Monday, February 2, 2009

The World Around Me...This week

Sunday my husband and I took a tour of Fort Monroe in Hampton Virginia.
Built 1819–1834, it is the largest moat-encircled masonry fortification in the United States










The oldest remaining structure at the fort is the Old Point Comfort Lighthouse built in 1802 and restore in the early 1900's. The house was where the lighhouse keeper stayed.





Fort Monroe is also home to the famous Chamberland Hotel


The first hotel built on Fort Monroe was built in 1820. Called the Hygeia, the resort drew a steady stream of well-heeled visitors. One of them was Edgar Allen Poe, who recited "The Raven" and "Annabel Lee" on the Hygeia's porch one September night in 1849, a month before he died.

After serving as a hospital during the Civil War, the Hygeia was torn down. Another hotel sprang up in its place, followed shortly by the first Chamberlin establishment. When it burned down in 1920, the present edifice was erected.



Notable People Associated with Fort Monroe's Military History

* Edgar Allan Poe served the last part of his brief Army enlistment (1827-29) at Fort Monroe . In 1849, a month before his death, he recited "The Raven" and "Annabel Lee" on the porch of the Hygeia, the first hotel to be built on the post.





* President Andrew Jackson visited Fort Monroe and the "Rip Raps," the artificial island where Fort Calhoun was under construction, several times in the early 1830s. He witnessed target firing at the Artillery School and reviewed the troops. He enjoyed vacationing at the Rip Raps, which was essentially the first summer white house or "Camp David".

* Black Hawk, taken prisoner in the Black Hawk War of 1832, was briefly kept at the fort-along with Whirling Thunder and the Prophet--before being returned to Illinois. Of his stay there, the chief said, "The war chief (Colonel Eustis) met us on our arrival, and shook hands, and appeared glad to see me. He treated me with great friendship, and talked to me frequently." (Previously, Second Lieutenant Jefferson Davis had escorted the captives to St Louis.)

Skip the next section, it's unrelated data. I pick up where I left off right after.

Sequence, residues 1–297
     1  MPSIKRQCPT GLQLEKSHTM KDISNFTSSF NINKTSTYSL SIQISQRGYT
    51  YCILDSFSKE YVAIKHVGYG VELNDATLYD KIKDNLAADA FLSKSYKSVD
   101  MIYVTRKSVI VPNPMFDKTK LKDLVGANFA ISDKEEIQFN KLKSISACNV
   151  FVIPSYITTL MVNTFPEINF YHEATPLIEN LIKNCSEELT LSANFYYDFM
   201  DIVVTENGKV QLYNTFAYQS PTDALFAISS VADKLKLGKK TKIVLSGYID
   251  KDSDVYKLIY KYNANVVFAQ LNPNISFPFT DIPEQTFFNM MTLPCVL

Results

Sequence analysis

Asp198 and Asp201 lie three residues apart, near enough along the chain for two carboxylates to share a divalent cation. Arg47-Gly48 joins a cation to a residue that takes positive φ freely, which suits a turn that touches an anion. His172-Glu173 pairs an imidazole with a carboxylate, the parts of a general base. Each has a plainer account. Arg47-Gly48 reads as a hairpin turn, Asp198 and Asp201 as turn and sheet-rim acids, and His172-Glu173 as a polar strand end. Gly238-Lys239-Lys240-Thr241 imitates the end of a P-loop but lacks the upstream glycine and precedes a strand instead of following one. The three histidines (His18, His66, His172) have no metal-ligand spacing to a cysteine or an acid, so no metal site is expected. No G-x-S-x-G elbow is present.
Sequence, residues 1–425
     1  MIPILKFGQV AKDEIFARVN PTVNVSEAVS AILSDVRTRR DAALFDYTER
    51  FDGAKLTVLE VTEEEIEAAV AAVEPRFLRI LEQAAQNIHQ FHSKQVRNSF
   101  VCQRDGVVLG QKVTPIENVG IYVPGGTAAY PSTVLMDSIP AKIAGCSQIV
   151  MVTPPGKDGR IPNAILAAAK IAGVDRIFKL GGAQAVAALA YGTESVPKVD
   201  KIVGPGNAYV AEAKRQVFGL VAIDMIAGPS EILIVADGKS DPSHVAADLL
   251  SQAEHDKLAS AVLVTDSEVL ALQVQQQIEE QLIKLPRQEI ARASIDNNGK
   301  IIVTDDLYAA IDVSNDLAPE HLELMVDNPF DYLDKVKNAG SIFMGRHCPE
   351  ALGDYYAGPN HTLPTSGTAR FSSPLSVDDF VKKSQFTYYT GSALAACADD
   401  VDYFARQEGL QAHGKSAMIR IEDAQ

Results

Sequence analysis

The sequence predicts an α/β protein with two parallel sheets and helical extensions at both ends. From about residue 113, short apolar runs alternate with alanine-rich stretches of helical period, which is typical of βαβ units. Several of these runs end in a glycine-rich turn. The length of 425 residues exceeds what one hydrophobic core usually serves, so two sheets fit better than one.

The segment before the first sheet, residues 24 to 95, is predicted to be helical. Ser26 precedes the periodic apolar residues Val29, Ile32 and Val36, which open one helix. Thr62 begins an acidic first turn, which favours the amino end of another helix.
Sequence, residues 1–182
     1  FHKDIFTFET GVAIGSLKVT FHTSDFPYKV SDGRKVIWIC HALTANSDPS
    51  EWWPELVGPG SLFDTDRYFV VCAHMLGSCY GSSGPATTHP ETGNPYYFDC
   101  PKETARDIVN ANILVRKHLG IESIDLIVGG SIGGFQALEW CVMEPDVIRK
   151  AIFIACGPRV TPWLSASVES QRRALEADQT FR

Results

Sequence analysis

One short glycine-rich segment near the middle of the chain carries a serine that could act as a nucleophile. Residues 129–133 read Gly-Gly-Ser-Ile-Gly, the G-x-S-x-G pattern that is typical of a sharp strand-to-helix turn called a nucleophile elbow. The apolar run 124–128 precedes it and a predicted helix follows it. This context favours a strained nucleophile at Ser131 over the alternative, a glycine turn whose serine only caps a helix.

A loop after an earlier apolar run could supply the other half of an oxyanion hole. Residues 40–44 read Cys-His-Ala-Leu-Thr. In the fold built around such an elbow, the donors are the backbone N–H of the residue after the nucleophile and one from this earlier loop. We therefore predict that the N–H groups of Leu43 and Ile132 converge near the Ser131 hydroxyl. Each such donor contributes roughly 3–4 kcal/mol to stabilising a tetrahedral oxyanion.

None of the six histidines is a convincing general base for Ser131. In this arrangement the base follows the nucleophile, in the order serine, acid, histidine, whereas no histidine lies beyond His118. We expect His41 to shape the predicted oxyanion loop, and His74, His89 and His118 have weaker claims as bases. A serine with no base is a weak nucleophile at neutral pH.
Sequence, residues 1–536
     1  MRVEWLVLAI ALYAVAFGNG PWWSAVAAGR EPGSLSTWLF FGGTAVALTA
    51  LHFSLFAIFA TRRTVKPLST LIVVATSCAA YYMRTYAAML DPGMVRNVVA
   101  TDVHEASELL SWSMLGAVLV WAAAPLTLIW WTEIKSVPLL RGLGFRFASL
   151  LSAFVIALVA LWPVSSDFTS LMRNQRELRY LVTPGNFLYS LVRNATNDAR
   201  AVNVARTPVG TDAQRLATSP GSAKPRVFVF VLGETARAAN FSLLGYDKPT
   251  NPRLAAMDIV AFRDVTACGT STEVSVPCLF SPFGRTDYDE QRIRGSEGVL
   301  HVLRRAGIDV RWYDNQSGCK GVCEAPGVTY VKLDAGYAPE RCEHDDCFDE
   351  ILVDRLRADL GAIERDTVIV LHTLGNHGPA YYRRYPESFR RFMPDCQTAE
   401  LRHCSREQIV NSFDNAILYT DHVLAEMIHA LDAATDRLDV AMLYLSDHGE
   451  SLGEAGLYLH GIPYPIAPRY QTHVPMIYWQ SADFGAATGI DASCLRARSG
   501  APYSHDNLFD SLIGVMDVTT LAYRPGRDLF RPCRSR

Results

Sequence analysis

* Robert E. Lee served at Fort Monroe from 1831-1834, overseeing work on the fort and, for two months, doing the same at the Rip Raps. He was a Second Lieutenant at the time, and his bride, who accompanied him to his post, gave birth to their first son there. His residence still stands at Fort Monroe.





* President Abraham Lincoln visited Fort Monroe several times. In 1862, primarily to prod into action General McClellan's forces, stationed at Yorktown, he watched from Fort Wool as several union ships shelled the Confederate batteries at Sewell's Point, and he ordered the successful attack on Norfolk and the Navy Yard. Old Quarters 1, where he stayed, is often called the "Lincoln House" and still stands at Fort Monroe.



* Jefferson Davis, president of the Confederacy, was captured in Georgia after the fall of Richmond and confined at Fort Monroe for two years. He spent a short time in a casemate and was then relocated to other quarters for health reasons.








I will post more photos from this trip in a day or two..I haven't had time to finish up this post but wanted to get this much on the blog since I haven't updated in a few days.

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4 Comments:

Blogger City Mouse said...

What a neat tour! The Fort and Hotel and the other places you pictured are just gorgeous. I love the lightkeepers house especially. I adore Poe, and actually wrote a play about him that toured the East Coast a bit - I've visited most of the "Poe Cities," but I had never seen Ft. Monroe. Thanks!

February 3, 2009 at 9:36 AM  
Blogger Betsy from Tennessee said...

Great post, Patty. My husband is REALLY into Civil War history --especially Robert E. Lee, so he was interested in seeing this. He says that he's always wanted to visit Fort Monroe.

We did visit Fort Pulaski near Savannah when we were down there this past June. Robert E. Lee helped built the fort there also.

I love seeing the moats. Did you see any gators??? We saw one at Fort Pulaski...

Thanks again!!! One day--we'll get there.
Hugs,
Betsy

February 3, 2009 at 12:29 PM  
Blogger Carrie said...

Oh! Oh! Is that the lighthouse that you sent me a picture of?

February 3, 2009 at 8:48 PM  
Blogger Linda said...

Thank you so much for sharing this part of your world with us! I wish that I had sites like this to see close by but the closest I'm going to get to anything like this is a long drive down to Gettysburg (which I really wouldn't mind at all to be honest!).

My daughter is a bit of a Poe fan so she would find it quite fascinating that he was there just a month before his death.

February 9, 2009 at 5:45 PM  

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